The Sensory War @Manchester Art Gallery
A real gem in the WW1 creative commemorations this year comes from The Sensory War, on show at Manchester Art Gallery until February 2015. This group exhibition focuses on military conflict and explores how artists have communicated these often horrific impacts on the body, mind, environment and human senses over the last 100 years. A lot of the work is difficult to take in; you want to look away but are somehow continually drawn back in. There is a reason to look and remember, yet a reason to look away. A significant number of works – and there is a lot to see here – are taken from Manchester City Art Gallery’s own collection. Former director Lawrence Haward started to collect war art just after his appointment in 1914 and until his retirement, remarkably, in 1945; a career spanning two world wars.
The exhibition starts with an exploration of the transformative nature of war on society and on the types of new experiences both men and women were exposed to. A whole generation of young men were introduced to a thrilling new world of adventure; to travel, to fly. Eric Ravilious renders these experiences in blues and greens, capturing the lights of early morning and twilight – the shapes menacing, the mood not. These atmospheric watercolours are in the same style as his earlier 1930s renders of greenhouses, pot plants, country lanes. The only difference is that the moths of nature have now become the Tiger Moths of the war-time skies.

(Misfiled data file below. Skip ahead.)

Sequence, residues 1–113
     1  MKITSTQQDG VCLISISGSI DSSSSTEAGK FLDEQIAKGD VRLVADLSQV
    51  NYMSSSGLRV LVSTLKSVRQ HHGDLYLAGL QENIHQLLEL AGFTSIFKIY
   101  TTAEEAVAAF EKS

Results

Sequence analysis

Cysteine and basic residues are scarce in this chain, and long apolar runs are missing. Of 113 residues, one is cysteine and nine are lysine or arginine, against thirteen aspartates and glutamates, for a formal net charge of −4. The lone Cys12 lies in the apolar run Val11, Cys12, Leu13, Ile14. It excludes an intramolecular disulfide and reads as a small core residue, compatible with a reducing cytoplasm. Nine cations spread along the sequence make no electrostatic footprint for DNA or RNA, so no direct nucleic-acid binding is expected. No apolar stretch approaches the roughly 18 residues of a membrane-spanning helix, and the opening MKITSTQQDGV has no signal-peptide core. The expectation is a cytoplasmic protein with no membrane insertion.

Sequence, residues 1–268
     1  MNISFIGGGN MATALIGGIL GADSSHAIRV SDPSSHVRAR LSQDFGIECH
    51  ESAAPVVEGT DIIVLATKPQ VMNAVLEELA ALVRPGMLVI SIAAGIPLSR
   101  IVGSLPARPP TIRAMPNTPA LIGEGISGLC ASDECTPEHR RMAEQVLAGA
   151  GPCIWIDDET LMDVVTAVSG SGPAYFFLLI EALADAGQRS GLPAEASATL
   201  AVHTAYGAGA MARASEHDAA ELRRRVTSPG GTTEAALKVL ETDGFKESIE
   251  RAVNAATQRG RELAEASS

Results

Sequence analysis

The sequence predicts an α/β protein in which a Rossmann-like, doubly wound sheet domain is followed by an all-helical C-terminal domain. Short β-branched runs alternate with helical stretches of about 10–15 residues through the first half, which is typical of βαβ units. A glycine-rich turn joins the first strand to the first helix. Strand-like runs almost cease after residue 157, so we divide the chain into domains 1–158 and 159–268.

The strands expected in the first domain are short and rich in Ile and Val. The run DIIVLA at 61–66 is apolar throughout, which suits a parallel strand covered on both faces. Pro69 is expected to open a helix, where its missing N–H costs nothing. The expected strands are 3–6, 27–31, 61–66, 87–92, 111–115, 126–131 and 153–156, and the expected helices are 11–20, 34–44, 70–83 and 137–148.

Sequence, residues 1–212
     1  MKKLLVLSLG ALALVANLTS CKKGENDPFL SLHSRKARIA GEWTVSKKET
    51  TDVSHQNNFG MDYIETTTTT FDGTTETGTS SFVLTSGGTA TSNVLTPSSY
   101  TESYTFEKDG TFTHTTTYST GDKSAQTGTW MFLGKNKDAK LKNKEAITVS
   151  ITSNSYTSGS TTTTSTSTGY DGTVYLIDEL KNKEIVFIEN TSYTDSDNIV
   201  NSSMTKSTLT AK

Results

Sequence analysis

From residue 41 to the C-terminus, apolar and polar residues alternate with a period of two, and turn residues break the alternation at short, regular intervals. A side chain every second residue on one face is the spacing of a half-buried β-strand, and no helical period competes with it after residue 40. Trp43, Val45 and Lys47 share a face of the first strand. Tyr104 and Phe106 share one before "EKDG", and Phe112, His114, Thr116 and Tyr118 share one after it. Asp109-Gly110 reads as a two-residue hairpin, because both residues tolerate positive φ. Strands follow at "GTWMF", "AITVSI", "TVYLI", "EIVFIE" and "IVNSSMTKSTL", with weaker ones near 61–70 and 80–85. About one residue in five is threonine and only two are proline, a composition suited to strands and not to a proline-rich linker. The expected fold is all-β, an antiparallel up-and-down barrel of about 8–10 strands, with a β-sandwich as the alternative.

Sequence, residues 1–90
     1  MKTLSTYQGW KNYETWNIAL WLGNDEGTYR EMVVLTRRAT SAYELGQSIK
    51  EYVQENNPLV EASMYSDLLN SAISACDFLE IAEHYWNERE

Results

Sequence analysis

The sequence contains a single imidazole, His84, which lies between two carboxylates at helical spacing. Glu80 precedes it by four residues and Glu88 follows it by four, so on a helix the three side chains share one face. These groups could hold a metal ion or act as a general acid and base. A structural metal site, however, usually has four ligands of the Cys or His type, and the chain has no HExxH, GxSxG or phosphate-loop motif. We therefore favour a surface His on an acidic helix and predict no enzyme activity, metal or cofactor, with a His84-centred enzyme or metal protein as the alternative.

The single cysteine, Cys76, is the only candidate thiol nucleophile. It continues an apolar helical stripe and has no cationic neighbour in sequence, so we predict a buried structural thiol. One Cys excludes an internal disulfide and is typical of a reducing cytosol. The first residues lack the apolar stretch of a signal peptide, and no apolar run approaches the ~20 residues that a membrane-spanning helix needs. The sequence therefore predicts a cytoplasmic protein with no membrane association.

Though most of the work comprises painting and drawing, photography takes up much of the middle section of the show. A key image comes from the iconic Marine Wedding series by Nina Berman. Here we see Marine Sgt. Tyler Ziegel, who had been seriously injured by a suicide bomber in Iraq, losing most of his facial features, standing beside his wife on their wedding day. Both of their expressions are inscrutable, albeit for different reasons. We learn from the panel that Ziegel and his wife divorced soon after this image was taken and Tyler later died from alcohol and heroin poisoning.
Striking works, being shown for the first time in the UK, come from the ‘hibakusha,’ a name which refers to the survivors of the atomic bomb dropped on Hiroshima. The word literally translates as ‘exploded-affected people’ and these works were made in the 1970s. Blank ash landscapes populated by the – now sparse – lights of houses are shown against a backdrop of menacing red and black mountains in Lights blinking on in the atomic desert, from Gisaku Tanaka. Elsewhere, ragged people, their features just shapes and ideas, are shown caught among mauve swirls of poison. In a way a photograph can never achieve, these drawings provoke the imagination to imagine every burn, every sickness, confusion and future memory of the bomb.